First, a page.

Tax Fairness

Tax Fairness

Most Americans agree that in a fair tax system, lower income taxpayers should not pay a higher percentage of their income in taxes than those with higher incomes. Oklahoma’s tax system does not meet this simple fairness test for a number of reasons.

Low and moderate income Oklahomans pay more of their income in taxes. A 2015 study by the Institute on Taxation and Economic Policy shows that lower income Oklahomans pay a considerably higher percentage of their income in state and local taxes than higher income Oklahomans.

taxes-share-of-family-income
This graph shows the percentage of income paid in state and local taxes by each of seven income groups. The regressivity of the system is obvious since the percentage paid in taxes drops with each increase in income. Those who are in the lowest 20 percent of income earners–making $18,000 or less each year–pay 10.5 percent (up from 9.9 percent in 2009) of their income in taxes. The percentage of income paid in state and local taxes continues falling as household income increases. Those in the top 1 percent — making $418,000 or more each year–pay just 5.1 percent (down from 5.6 percent in 2009) of their income in state and local taxes.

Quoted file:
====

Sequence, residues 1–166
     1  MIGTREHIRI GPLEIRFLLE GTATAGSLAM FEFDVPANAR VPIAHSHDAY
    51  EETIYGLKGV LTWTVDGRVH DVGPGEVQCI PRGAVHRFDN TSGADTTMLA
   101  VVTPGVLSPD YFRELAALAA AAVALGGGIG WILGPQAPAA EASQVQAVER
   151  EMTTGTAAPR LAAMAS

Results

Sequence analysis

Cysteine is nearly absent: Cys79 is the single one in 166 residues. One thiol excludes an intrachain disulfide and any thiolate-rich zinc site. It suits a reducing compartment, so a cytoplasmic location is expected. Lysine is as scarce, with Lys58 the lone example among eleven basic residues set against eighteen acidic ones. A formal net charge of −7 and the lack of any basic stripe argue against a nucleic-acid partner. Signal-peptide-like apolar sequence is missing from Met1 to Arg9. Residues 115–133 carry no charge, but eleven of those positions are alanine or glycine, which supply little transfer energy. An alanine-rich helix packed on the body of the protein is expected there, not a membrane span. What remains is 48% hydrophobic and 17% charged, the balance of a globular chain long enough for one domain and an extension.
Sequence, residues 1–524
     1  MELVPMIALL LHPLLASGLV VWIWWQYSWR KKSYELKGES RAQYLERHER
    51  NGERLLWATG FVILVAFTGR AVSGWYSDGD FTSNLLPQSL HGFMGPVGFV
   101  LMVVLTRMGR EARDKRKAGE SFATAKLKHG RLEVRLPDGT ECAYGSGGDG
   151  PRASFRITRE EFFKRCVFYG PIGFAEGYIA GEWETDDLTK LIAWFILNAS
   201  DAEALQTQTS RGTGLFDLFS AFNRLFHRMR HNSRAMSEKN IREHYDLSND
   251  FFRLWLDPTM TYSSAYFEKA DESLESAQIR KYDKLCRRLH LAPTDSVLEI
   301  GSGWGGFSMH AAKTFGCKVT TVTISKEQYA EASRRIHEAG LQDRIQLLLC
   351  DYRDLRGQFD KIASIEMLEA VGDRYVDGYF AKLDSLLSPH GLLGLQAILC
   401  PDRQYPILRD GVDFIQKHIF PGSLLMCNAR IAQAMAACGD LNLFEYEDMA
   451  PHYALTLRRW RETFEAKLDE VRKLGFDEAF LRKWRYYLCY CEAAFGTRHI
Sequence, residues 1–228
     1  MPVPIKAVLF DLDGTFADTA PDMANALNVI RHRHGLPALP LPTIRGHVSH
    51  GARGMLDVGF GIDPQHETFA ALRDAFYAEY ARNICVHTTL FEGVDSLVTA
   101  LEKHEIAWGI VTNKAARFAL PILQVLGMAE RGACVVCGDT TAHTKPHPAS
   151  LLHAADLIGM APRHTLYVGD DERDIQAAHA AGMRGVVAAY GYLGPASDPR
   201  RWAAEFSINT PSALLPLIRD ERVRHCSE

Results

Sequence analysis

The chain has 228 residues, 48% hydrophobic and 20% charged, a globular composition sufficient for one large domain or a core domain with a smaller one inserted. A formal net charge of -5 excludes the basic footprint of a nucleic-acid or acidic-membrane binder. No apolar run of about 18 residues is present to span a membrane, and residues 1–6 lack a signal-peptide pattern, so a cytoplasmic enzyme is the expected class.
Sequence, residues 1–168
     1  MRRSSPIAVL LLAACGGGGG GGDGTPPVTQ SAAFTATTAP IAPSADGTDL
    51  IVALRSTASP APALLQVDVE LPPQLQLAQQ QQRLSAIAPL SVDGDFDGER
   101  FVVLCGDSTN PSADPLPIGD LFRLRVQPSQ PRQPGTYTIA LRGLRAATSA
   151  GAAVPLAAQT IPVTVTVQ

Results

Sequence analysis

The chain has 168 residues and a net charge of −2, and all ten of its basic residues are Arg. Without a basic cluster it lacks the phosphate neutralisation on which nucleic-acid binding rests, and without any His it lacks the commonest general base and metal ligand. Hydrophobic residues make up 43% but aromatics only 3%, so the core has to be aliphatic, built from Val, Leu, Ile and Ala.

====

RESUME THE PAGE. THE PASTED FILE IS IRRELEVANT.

The graph shows that the income tax is progressive, as intended, but not progressive enough to make up for the regressive burden that sales and property taxes put on lower income taxpayers. Reforms in all three taxes, as discussed in the following sections, could make them fairer while maintaining existing revenue levels.

‹‹ Go back to Expenditure Options to Close the Fiscal Gap | Go on to Progressive Features of the Tax System ››

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